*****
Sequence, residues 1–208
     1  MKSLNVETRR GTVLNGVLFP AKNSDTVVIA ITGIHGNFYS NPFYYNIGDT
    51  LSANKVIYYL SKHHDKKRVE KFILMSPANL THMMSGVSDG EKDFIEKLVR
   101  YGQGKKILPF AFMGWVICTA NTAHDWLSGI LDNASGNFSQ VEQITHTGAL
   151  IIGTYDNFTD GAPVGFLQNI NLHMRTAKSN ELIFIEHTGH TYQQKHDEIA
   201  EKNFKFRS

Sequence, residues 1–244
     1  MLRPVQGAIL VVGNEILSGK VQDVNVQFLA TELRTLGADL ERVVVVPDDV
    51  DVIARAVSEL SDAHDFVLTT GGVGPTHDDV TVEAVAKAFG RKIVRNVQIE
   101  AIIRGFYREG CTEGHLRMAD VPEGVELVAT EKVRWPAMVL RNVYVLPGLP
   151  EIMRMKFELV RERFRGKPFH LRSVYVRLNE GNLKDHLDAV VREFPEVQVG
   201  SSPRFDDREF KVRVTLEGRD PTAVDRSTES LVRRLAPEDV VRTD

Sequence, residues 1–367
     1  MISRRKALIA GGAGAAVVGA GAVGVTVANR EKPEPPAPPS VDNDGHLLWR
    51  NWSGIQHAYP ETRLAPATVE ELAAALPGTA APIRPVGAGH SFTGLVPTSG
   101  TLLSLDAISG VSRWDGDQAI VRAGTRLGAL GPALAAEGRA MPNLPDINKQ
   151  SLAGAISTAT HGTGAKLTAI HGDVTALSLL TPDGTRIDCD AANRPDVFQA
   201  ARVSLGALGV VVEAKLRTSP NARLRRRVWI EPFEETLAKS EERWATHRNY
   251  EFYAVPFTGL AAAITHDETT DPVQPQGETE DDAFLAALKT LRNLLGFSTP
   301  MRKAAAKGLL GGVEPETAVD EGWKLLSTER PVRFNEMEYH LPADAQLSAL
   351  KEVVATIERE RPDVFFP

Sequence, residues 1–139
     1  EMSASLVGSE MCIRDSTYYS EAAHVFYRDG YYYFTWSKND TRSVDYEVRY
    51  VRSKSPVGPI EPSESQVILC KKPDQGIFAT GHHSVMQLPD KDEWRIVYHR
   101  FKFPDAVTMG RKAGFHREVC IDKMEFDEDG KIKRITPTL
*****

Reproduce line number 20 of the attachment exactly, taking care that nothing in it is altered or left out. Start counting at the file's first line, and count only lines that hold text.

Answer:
   301  MRKAAAKGLL GGVEPETAVD EGWKLLSTER PVRFNEMEYH LPADAQLSAL